“I realized the other day that even though I don’t have much experience I am severely underpaid for Seattle” the newbie nanny and I had met up for a play date. We somehow got onto the conversation of pay and she opened up to me. As of lately it seems like most nannies all feel the same way, that they are underpaid.
“What are you making, if you don’t mind me asking”? I inquired, wondering what a new full-time nanny of just under 3 month considered underpaid.
“I make $X an hour for 2 kids. I mean yeah this is my first time as a full-time nanny, but shouldn’t my years as a day care worker count towards experience? I didn’t really know the Seattle market when I moved up here or I would have asked for more. I love my job and I knew what I signed up for so I can’t really complain.”
Can I be really honest with readers? It was really refreshing to hear her take responsibility for her pay. That she recognized that she didn’t thoroughly do her research and she agreed to the pay rate at which she is working at (which in my opinion wasn’t underpaid at all but right on par for her experience).
Hear my heart on this, I am not judging you, disagreeing (or agreeing with you), or hating on you for feeling you are underpaid. I just heard of a nanny making $325 a week taking care of twins. In my book that is underpaid. In someone else’s it might not be.
What I want to do is take a minute and ask you, are you really underpaid? When you hear of the nanny across town making $25 an hour or even $22 it is easy to feel like your $15 or $18 is underpaid. But let’s take a step back and ask a few questions.
- How much TRUE Full-Time nanny experience do you have?
- How much training and/or education do you have?
- What certificates do you have?
- What skill sets do you have that set you apart (bilingual, musical training, sports, etc)?
Truth? I overqualified myself when I started out as a nanny. I thought that all my years of babysitting should count as nanny experience. I thought that all those years as a part-time nanny should count as stronger experience than it did. I thought all my book knowledge and personal development should count as much as an accredited course or class. But it didn’t/doesn’t. All that experience, yes makes me a better nanny. All my years of babysitting helps me understand childcare better than if I hadn’t babysat but they don’t have a thing to do with my resume to make me a more sellable nanny.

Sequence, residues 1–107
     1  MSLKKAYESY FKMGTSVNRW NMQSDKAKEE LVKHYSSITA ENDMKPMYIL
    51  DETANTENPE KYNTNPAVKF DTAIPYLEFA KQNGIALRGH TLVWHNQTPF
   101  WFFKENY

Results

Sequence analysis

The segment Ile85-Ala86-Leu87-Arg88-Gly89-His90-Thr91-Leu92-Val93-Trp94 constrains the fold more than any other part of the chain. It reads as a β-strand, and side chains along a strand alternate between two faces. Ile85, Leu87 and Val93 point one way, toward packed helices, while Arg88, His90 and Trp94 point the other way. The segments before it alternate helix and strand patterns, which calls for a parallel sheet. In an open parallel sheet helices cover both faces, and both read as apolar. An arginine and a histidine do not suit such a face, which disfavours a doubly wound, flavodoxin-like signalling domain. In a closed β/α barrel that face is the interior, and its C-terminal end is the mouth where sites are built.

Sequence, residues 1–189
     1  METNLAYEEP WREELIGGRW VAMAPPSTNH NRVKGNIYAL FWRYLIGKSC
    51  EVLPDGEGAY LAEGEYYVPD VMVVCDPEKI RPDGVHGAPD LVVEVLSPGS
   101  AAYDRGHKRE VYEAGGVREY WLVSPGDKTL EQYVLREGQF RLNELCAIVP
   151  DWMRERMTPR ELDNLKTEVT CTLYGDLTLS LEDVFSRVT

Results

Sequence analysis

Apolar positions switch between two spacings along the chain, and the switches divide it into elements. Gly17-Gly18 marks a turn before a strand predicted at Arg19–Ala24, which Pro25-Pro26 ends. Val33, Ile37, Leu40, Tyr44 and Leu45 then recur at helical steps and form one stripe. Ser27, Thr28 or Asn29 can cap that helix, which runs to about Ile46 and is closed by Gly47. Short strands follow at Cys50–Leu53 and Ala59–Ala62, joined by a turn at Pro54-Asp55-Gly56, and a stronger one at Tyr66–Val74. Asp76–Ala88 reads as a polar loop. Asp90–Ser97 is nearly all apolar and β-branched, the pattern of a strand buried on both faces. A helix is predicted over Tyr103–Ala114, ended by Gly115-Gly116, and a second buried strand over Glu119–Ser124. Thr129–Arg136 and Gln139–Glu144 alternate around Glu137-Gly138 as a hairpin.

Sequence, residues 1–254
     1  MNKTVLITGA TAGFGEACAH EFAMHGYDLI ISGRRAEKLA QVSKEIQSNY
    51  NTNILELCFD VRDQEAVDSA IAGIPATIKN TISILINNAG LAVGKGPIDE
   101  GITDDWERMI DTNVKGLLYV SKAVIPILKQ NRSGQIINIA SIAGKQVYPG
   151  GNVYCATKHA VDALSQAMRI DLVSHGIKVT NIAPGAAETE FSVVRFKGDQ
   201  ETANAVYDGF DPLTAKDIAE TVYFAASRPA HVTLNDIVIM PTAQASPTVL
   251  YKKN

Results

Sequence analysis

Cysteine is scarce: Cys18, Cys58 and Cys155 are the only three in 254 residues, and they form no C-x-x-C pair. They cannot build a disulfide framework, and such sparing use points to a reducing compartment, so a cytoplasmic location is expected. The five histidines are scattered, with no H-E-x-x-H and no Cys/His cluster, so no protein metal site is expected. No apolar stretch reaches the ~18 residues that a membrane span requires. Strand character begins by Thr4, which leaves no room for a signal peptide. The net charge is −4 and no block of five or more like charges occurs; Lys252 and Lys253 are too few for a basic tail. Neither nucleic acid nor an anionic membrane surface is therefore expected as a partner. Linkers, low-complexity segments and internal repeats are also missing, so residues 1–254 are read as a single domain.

Yes I have watched children for over 15 years. Yes I have been a nanny for 9 years (because nothing before 18 years of age is considered professional on a resume in the nanny community). Children are second nature to me. I have been called a baby whisperer on more than one occasion. The natural math instincts that my engineer friends have, I have with babies. But the difference in their pay scale and mine is that they have an education in their field. My engineer friends honed in their natural instincts and went to college, they took classes and studied for years. They paid their dues with internships and lower paying jobs before they worked their way up. They continued to take yearly courses to stay on top of their game.
Back 3 years ago I thought I was worth more than I was. I thought all my unaccredited experience and knowledge should count for something. After turning nannying to a career from a side job I have realized a few things.
The biggest being that to be a professional nanny I need to act like a professional nanny. From everything to furthering my knowledge with classes, training, and personal development to knowing the current nanny industry in which I live. This means stay in touch with other nannies, attending local events and conferences. Being a professional also means knowing a realistic value of what I am worth in my current area. It’s knowing how to negotiate a contract that is realistic, meeting the needs/wants of the family and of you the nanny. It means being willing to have the hard money conversations. Being a professional means I take responsibility for my actions.
Goodness knows that I am not perfect in being a professional. That having those hard conversations still scares me. That I look back at how naive I was 2 years ago and know that in 2 years I will look back to now and see how much I still had to learn.
But that is the difference.
When I started out as a nanny I thought I knew it all and my skill set was totally sell-able. Whereas now I have a desire to grow and learn. I want to learn how to grow my skills and not settle. I want to take courses and classes, read as many baby books as I can. I want to meet and talk to as many nannies as I can. I want to learn from my Mom-Boss and Dad-Boss. I want to keep growing.
I want to know if I ever truly complain about being underpaid it’s because I have so much experience and education under my belt that people can’t afford what I am worth. Speaking of which I off time to sign up for the www.nannyjamboree.com where I am going to meet some incredibly professional and awesome nannies.